Costume-shop Pocahotties, my Halloween mistake, and writing about shame
Yes, that's me, on Halloween 2008. As a Native woman, I'm not proud of my night in costume. As Halloween approached, I began to see links to pieces encouraging readers to think carefully before choosing a Tribal Trouble or Reservation Royalty costume. I thought, as I do from time to time, especially around Halloween, of a mistake I made five years ago, one I hoped nobody remembered: I dressed up as a "Naughty Native" to make some sort of subversive point, but the point was lost.
The more uncomfortable a memory makes me feel, and the more I want to forget it, the more certain I become that it may be rich subject matter for an essay. I wrote about it, and the essay appeared at Salon.
I'm with W.H. Auden: "Great art is clear thinking about mixed feelings." I strive toward this in every small piece I create, working toward a lucid rendering of the complicated nature of carrying on as a bumbling, complicated person, wrought as we all are with so many contradictions and droll, frustrating flaws that it seems impossible to set me on any kind of "hero's journey" on the page.
This is where craft comes in. I am not my narrators. There is a beautiful remove in personal essay and memoir that allows me to create a character of my Elissa. I remain absolutely true to factual details as closely as I remember them, a personal choice that I consider to be a thrilling restriction. But I construct a persona for each piece, and I arrange the details of my lived experiences from their dull chronology to a livelier order, expanding some moments and compressing large stretches of time. I want the tension to emerge from what happens on the page, not what happened in my life, because nobody's life is interesting enough to make up for a boring retelling of it.
I realize that pinpointing your most potent sources of shame, writing it out until you feel like you've skinned your heart, and then attempting to share your work with readers doesn't ring with the same appeal as, I don't know, writing a feature piece for a travel magazine. But, I have to say, once I'm done with an essay, and my brain is wrung out of every bit of shame that I have handed over to the readers for safekeeping, I feel damn good.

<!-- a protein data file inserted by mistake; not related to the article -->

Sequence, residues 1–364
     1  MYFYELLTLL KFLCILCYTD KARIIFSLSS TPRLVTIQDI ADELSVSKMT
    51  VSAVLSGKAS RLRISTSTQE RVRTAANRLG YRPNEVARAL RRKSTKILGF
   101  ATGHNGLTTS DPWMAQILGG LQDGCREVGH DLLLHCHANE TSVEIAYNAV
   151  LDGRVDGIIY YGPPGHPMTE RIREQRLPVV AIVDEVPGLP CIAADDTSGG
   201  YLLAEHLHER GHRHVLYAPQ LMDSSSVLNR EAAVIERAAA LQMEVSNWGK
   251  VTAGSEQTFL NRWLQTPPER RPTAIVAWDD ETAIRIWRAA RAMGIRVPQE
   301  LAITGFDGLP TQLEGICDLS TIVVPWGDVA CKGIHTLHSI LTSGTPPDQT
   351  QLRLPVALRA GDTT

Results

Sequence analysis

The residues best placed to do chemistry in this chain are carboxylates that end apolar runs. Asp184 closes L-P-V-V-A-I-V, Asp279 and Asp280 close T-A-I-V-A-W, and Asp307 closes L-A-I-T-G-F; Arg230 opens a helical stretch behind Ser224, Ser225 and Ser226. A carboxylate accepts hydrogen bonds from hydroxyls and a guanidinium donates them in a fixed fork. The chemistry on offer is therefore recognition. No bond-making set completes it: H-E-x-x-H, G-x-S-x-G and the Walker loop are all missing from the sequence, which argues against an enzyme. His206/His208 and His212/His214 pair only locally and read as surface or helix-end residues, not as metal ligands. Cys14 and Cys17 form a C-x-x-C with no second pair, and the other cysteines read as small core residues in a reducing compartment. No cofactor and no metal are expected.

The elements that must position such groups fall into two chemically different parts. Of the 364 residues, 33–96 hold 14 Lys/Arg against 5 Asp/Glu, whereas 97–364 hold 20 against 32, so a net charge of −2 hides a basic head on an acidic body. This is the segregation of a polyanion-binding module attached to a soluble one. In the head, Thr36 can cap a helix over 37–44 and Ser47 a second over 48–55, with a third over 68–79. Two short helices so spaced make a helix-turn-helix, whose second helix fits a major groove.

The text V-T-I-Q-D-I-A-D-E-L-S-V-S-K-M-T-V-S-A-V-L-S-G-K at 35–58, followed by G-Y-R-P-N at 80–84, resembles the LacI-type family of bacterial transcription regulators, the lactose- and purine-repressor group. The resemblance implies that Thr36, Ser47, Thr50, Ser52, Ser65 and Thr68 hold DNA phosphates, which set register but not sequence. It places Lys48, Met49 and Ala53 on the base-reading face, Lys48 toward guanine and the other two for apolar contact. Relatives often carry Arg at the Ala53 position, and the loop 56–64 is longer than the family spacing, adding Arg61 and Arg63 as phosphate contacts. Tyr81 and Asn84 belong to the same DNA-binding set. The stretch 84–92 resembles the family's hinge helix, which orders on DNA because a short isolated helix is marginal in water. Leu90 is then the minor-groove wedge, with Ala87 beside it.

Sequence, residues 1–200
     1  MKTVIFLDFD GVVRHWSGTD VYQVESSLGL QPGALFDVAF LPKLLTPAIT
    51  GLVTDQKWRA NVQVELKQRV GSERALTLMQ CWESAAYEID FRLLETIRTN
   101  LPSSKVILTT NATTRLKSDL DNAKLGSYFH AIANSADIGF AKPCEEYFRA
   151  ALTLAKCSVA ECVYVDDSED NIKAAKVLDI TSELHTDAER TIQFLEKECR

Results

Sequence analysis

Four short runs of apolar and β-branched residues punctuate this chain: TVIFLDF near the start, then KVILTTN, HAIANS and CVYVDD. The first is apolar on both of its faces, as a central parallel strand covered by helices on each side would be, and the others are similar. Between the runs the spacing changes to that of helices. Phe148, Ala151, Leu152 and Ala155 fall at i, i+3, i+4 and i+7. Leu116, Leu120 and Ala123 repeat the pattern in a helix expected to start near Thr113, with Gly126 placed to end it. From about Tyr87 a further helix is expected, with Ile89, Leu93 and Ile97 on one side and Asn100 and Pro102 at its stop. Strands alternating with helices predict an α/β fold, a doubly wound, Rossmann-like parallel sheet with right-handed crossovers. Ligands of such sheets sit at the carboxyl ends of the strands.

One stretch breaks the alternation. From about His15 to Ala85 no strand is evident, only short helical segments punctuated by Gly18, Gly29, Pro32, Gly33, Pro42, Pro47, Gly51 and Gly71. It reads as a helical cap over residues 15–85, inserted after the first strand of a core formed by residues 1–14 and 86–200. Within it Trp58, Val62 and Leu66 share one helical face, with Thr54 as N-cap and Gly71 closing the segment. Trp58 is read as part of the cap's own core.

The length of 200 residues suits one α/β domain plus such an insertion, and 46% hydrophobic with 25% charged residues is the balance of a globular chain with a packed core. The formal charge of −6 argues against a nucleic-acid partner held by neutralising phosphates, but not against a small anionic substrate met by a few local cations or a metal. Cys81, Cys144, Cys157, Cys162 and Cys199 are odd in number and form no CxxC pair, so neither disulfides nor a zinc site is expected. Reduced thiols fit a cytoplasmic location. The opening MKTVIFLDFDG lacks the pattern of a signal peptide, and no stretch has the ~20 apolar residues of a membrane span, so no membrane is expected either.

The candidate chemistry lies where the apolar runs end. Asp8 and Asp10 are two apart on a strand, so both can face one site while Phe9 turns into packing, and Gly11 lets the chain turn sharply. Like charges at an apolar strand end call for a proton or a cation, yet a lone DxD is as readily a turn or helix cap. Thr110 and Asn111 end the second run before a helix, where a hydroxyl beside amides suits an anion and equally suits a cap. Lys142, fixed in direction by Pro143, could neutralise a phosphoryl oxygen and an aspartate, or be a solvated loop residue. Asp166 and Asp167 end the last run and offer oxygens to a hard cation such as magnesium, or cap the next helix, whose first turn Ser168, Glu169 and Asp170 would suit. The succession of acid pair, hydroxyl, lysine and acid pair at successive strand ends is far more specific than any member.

Read my essay at Salon.
1960s Halloween costume
For more about "Native American" Halloween costumes, visit one of my favorite blogs, Native Appropriations. Adrienne has written a few excellent posts about this: of particular interest are "Open Letter to PocaHotties and Indian Warriors this Halloween" and the annotated follow-up post.
Several universities, including the University of Colorado at Boulder, Ohio University, and the University of Minnesota have seen actions by the administration or students to warn the campus against dressing in offensive costumes. I'm proud to say that this month at the University of Washington, where I teach and advise students, a large number of student groups on campus came together to organize "Cultures, Not Costumes," an event educating the campus community about costumes that may unintentionally offend.
In my essay, I wrote about the section of a costume shop where I bought my "Naughty Native" garb. Five years ago, the shop had a large display of brand-new costumes and accessories. This October, the display of new stuff was gone, with only a rack of sad secondhand "Native" and "cowboy" costumes next to a glass case containing a few accessories. In another five years, perhaps, the costumes will be sold as "hippie" getups.